The new rule unconstitutionally requires states to pay overtime to state employees that are performing white-collar functions when the employees earn less than an amount to be determined by the executive branch of the federal government.

Lawsuits Can Fail

As heartening as these lawsuits may be to businesses, there is always the possibility that the lawsuits fail. Nearly since the rule was proposed, there have been experts who have predicted that the rule would be challenged in the courts.

But as Lawrence Mishel, Ph.D., economist and president of the Economic Policy Institute, a nonpartisan, Washington, D. C., think tank said in a recent interview by Society for Human Resource Management, “The DoL fulfilled all of their obligations during the rulemaking proceeding. They crossed every t and dotted every i. The final overtime pay rule update should be implemented as planned starting Dec. 1.”

With that in mind, don’t stop preparations for complying with the new overtime rule. The deadline for having everything in place will be here sooner rather than later.

Information provided by writer, Diane Faulkner, is not legal in nature. All reviews and opinions are submitted and based upon extensive research, experience in the human resources and labor relations fields and are not, in any way, legal opinions.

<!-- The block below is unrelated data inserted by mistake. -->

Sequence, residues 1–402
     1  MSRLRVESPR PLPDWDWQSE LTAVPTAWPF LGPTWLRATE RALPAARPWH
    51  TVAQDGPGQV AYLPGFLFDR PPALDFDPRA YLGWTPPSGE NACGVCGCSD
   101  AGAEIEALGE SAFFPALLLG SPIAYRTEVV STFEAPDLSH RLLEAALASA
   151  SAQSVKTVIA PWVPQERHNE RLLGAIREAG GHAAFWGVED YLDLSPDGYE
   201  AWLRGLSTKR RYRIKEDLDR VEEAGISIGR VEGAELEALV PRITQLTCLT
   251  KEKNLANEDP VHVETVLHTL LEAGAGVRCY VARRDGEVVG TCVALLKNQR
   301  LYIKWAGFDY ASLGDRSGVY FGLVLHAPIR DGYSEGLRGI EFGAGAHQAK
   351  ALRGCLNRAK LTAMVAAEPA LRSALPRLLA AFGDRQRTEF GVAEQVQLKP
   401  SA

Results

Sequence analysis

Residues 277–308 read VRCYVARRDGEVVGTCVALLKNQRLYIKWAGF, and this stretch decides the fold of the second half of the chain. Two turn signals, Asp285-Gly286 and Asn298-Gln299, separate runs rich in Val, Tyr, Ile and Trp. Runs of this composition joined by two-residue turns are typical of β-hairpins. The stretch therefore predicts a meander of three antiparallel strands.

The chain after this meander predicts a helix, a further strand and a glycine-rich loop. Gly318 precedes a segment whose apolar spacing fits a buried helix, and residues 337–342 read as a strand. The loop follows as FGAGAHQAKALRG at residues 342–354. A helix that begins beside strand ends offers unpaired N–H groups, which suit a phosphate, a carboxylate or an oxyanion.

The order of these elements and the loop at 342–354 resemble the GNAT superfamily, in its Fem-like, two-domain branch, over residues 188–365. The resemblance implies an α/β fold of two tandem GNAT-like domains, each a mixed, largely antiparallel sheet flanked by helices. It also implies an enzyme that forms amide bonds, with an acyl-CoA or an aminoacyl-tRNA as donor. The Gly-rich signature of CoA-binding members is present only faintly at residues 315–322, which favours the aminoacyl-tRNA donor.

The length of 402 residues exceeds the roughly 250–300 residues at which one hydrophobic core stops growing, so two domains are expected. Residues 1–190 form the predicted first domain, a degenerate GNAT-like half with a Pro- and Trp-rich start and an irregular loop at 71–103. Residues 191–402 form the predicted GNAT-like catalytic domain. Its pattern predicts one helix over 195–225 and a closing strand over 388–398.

Don’t Halt Compliance Efforts Just Because of Legal Challenges to the New Overtime Rule

Can You Cut an Employee’s Pay and Not Get Sued?

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Anytime you want to cut an employee’s pay, you run the risk of getting sued. It’s just that simple. This is especially true if the employee is in a protected class. Anyone can try to file a lawsuit for any reason. Let’s just get that out there.

That said, the reason and circumstances surrounding a cut in pay are key.

In the U. S., employers can cut pay as long as the employee isn’t covered by a collective bargaining agreement or some other agreement, like an employment contract. The cut also cannot reduce the pay to a level that’s less than the minimum wage. If the position is  exempt from the overtime laws, (Fair Labor Standards Act), then you must keep the salary above the minimum to maintain exempt status. Just know that there is the new minimum salary level of $47,476 that goes into effect December 1, 2016, and that if the person is to stay exempt, that test must still be met.

Note: the employee may be eligible for unemployment compensation for the pay that’s lost.

How Much Notice Must I Give?

In Florida, where I am, there are no laws that address when or how you may cut an employee’s pay or whether an employer must provide notice prior to the reduction. That said, the reduction can only apply to hours worked after the status change. (i.e. Salaried workers would be paid the new rate the following full workweek, as you cannot separate out hours without giving up exempt status). It’s up to you–in Florida– if you want to give notice and how far in advance you want to do so.